The mysterious pancreas

The shape and existence of the pancreas has been known since antiquity.  The Greek surgeon Herophilus, one of the founders of the medical school of Alexandria, described the pancreas about 300 BC.  He was the first to perform systematic dissections of human cadavers (and live vivisections of prisoners.)  He wrote several books, but they are lost.  His work on anatomy is known only through the books of later surgeons.

The pancreas is a fairly large organ located in the interior of the abdomen.  It lies behind the stomach and in front of the spine. The head of the pancreas is surrounded by a section of the small intestines.

While the physical description of the pancreas has been known for thousands of years, its function has not.  Its location, deep within the abdominal cavity, made it one of the last organs to be studied in detail.  Even today, pancreatic cancers are difficult to diagnose early because they remain hidden inside the abdomen. As late as the 1880’s it was generally thought that the pancreas had no essential function, like the appendix.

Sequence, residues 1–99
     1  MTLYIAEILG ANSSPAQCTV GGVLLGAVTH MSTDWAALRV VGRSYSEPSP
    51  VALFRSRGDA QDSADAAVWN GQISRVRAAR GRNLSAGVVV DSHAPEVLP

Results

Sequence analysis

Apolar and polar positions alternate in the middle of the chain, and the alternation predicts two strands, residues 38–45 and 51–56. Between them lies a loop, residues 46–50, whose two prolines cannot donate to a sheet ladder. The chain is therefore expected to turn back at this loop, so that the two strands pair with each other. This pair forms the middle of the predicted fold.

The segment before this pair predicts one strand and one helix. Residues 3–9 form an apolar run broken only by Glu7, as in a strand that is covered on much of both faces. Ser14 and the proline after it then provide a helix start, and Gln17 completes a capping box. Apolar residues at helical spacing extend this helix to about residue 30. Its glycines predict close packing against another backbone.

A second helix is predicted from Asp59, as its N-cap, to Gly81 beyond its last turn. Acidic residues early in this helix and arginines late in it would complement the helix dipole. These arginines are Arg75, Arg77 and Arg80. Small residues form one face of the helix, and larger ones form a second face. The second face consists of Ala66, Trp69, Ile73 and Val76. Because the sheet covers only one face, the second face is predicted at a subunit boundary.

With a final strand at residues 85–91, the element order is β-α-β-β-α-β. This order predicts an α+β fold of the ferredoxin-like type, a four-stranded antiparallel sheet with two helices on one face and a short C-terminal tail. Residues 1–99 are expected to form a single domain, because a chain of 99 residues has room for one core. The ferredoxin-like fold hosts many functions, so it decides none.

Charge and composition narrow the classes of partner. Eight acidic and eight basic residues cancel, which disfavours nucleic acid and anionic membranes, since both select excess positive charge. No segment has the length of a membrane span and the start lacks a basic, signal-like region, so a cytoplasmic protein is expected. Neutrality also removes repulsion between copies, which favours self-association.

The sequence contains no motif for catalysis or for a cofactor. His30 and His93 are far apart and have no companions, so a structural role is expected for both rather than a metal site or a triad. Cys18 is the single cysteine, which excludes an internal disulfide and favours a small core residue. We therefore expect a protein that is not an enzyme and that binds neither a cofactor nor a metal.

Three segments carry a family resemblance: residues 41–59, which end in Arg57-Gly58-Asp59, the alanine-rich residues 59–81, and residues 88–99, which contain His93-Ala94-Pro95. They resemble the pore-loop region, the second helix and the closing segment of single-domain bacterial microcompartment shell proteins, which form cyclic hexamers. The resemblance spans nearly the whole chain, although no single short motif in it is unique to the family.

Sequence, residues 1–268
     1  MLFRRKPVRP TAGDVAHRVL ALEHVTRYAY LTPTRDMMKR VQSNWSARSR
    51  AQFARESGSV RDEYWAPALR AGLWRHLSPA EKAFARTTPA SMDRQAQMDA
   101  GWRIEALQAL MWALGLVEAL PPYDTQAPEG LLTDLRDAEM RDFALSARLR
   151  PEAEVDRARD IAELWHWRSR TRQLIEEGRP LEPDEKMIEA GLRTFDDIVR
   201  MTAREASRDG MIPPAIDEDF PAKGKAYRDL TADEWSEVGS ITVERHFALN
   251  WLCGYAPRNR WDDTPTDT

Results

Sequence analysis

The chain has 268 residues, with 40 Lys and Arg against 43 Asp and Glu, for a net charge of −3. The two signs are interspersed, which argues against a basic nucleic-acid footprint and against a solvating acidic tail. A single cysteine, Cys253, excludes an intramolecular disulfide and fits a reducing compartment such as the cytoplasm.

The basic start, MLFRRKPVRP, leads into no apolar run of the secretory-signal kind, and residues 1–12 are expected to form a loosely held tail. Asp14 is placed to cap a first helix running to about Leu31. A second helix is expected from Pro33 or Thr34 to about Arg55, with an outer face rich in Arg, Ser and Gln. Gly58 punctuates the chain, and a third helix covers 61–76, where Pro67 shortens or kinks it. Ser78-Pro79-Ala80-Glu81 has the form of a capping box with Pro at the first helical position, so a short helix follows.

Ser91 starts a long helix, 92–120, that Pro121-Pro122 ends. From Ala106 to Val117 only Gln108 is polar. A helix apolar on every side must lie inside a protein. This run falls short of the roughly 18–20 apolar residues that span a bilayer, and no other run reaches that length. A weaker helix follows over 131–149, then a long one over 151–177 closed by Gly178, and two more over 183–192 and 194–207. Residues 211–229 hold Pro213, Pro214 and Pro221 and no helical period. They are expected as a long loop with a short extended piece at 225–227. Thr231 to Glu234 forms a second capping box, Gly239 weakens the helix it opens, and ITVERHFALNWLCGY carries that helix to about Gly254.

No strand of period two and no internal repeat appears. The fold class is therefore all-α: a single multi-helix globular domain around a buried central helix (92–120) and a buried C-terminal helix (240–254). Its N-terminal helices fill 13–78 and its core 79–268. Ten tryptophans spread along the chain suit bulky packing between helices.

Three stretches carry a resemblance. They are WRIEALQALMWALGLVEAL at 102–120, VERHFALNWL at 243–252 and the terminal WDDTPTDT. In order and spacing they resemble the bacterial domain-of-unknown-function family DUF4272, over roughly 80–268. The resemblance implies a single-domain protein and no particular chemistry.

Johann Conrad Brunner, a Swiss anatomist, was a professor at the University of Heidelberg in the late 1600s.  He showed that a large portion of the pancreas could be removed from an animal without affecting the animal’s health.  This result stood for over two hundred years and was often misinterpreted so that it was thought the entire pancreas could be removed without affecting the animal’s health, like the appendix. A total pancreatectomy, complete removal of the pancreas, was a difficult procedure to perform. If the surgeon missed a small portion of the pancreas, the animal could function adequately with only that small portion.

As late as 1888, Giovanni Marinotti described what he thought to be the complete removal of a dog’s pancreas. Consistent with Brunner’s conclusions, Marinotti found that this caused no change in the dog’s general condition or its digestive functions.